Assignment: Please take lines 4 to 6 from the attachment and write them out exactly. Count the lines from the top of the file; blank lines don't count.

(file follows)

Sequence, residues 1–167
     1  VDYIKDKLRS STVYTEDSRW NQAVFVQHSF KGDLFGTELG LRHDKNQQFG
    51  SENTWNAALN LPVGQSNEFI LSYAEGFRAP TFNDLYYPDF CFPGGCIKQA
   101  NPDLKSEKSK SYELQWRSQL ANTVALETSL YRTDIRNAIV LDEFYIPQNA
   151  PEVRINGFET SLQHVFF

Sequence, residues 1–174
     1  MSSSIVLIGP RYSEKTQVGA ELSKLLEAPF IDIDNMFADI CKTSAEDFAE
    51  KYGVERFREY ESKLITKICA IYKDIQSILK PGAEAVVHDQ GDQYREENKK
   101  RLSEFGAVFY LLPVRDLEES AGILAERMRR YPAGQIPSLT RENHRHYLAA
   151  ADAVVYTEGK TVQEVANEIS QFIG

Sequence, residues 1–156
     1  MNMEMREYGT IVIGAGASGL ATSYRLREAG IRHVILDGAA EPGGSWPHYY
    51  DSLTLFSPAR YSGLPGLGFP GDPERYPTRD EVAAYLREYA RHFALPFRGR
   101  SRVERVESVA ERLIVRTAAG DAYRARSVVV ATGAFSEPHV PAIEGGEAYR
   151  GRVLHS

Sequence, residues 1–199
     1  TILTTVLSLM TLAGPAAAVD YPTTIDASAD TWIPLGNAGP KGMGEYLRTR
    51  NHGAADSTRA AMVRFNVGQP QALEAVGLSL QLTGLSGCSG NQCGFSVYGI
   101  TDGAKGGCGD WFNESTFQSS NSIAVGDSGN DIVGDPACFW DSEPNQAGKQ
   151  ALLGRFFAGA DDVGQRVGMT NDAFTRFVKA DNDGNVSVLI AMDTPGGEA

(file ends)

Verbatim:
   101  NPDLKSEKSK SYELQWRSQL ANTVALETSL YRTDIRNAIV LDEFYIPQNA
   151  PEVRINGFET SLQHVFF

Sequence, residues 1–174